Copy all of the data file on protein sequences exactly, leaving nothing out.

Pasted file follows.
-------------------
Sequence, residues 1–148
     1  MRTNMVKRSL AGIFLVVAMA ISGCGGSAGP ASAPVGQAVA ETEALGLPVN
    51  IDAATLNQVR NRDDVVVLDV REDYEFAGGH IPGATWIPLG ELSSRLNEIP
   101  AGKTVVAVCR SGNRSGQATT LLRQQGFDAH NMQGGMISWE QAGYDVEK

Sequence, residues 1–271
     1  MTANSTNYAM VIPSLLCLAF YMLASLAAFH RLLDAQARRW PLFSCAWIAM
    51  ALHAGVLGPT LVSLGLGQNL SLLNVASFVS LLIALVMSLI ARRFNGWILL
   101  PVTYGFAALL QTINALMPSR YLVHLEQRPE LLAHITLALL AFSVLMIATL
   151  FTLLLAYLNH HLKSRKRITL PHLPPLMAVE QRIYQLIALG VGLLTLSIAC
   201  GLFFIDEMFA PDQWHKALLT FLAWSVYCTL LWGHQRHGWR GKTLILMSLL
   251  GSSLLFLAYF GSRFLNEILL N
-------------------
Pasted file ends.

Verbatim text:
Sequence, residues 1–148
     1  MRTNMVKRSL AGIFLVVAMA ISGCGGSAGP ASAPVGQAVA ETEALGLPVN
    51  IDAATLNQVR NRDDVVVLDV REDYEFAGGH IPGATWIPLG ELSSRLNEIP
   101  AGKTVVAVCR SGNRSGQATT LLRQQGFDAH NMQGGMISWE QAGYDVEK

Sequence, residues 1–271
     1  MTANSTNYAM VIPSLLCLAF YMLASLAAFH RLLDAQARRW PLFSCAWIAM
    51  ALHAGVLGPT LVSLGLGQNL SLLNVASFVS LLIALVMSLI ARRFNGWILL
   101  PVTYGFAALL QTINALMPSR YLVHLEQRPE LLAHITLALL AFSVLMIATL
   151  FTLLLAYLNH HLKSRKRITL PHLPPLMAVE QRIYQLIALG VGLLTLSIAC
   201  GLFFIDEMFA PDQWHKALLT FLAWSVYCTL LWGHQRHGWR GKTLILMSLL
   251  GSSLLFLAYF GSRFLNEILL N